What screwed with our brains was that there were no signs of progesterone activity offsetting the estrogen; so, progesterone was often added in from creams or drugs but more often than not it didn’t work. There has been a lot of studies showing confusing results with some cases of low/ no progesterone and others had crazy high levels of progesterone. Some cases responded to contraceptives and progesterone treatment and others didn’t.
The most recent breakthrough here is that it has been shown that there is progesterone resistance at the receptor level. Meaning the antennas on the cells for progesterone don’t work or aren’t there. That’s why progesterone wasn’t working and that is also why some people have crazy high progesterone blood levels but no progesterone activity. Inflammation, excessive estrogen receptors and immune dysfunction have been associated with this defect. Progesterone helps to regulate estradiol (E2) levels by increasing its conversion to estrone (E1) and then detoxified and cleared away. Without it, the estrogen keeps building.
And surprise, surprise… inflammation and gut!!!
Inflammation and immune dysfunction are key features in all aspects of endometriosis. It is an inflammatory condition associated with autoimmunity. The immune system, in particular natural killer cells are used to break down the endometrial tissue and associated collagen and they create the scar tissue, adhesions and immune profile associated with endo pain and infertility.
Gut dysfunction, dysbiosis, and leaky gut wall contribute significant amounts of inflammation, immune cells, and lipopolysaccharide (bacterial cell fragment that is one of the most inflammatory triggers we can be exposed to) into the pelvic region. Furthermore the bugs in the guts especially if out of balance and overgrown can liberate and recycle estrogen that is on its way out in the poo and put it back in the body as biologically active estrogen.
The gut may be a causative factor in the following aspects of endo; autoimmunity, inflammation, progesterone resistance, estrogen dominance, scar tissue, adhesions, painful periods and clots and excessive aromatase activity.
So, with this in mind. The priorities for treatment that you want to discuss with your practitioner are as follows.
– Transdermal chrysin cream (e.g. Block e3 contains Chrysin) 2.5gm 2 x daily added to the vascular area of inguinal and groin as well as wrists. You can even do this with your Doctor and compounding chemist. Other natural aromatse inhibitors can struggle with oral absorption and systemic delivery but certain methoxylated isolflavones seem to be promising.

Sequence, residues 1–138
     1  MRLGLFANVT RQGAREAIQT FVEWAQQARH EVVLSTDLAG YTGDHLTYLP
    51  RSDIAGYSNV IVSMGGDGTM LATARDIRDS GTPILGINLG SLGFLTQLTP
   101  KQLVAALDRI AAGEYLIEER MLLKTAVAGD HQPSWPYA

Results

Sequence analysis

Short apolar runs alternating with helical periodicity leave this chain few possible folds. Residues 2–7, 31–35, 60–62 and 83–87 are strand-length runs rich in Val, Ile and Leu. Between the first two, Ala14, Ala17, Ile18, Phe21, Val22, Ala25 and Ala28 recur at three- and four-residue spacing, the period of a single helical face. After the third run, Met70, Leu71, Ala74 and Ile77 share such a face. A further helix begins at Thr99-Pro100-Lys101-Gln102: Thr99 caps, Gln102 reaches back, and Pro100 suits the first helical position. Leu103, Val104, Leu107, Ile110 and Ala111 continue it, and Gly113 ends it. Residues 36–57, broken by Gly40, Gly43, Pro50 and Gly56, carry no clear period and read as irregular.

– Turmeric – anti-inflammatory, immune modulating as well as controls the essential fatty acid cascade to force omega oils down the correct pathways away from arachidonic acid and PGE2). Cort Rx contains a good dose of high quality turmeric) and NO black pepper. Black pepper contributes to leaky gut wall and intestinal inflammation and only helps absorption by blocking glucuronidation of our foods, drugs and toxins. Unfortunately, glucuronidation is an extremely important process for clearing away estrogen. So, regardless of what people say for turmeric in general and black pepper it’s not going to help you anymore and may make some things worse.
– Multifood contains essential cofactors; B12, folate, b6, b3, vitamin c as well as a hep of other cool stuff all in natural forms with proper doses and cofactors.
– AMP-V for essential fatty acids and combine with turmeric and Multifood to force away from AA and PGE2 pathways.
– Vitex agnus castus – 500mg to 1000mg daily (2 to 4 capsules with breakfast) for the progesterone support.
Read some of this stuff to find out more:
Christofolini DM, et al. CYP2C19 polymorphism increases the risk of endometriosis. J Assist Reprod Genet. 2015 Jan; 32(1):91-4
Al-Sabbagh M, et al. Mechanisms of endometrial progesterone resistance. Molecular and Cellular Endocrinology 358 (2012) 208-215
Bulun SE, et al. !7 Beta-hydroxysteroid dehydrogenase-2 deficiency and progesterone resistance in endometriosis. Semin Reprod Med. 2010 Jan; 28(1):44-50
Pluchino N, et al. Innovations in classical hormonal targets for endometriosis. Expert Rev Clin Pharmacol. 2016;9(2):317-27
Parkin KL, et al. Uterine leukocyte function and dysfunction: a hypothesis on the impact of endometriosis. Am J Reprod Immunol. 2016 Mar; 75(3):411-7
Thiruchelvam U, et al. Natural Killer Cells: key Players in endometriosis. Am J reprod Immunol. 2015 Oct; 74(4):291-301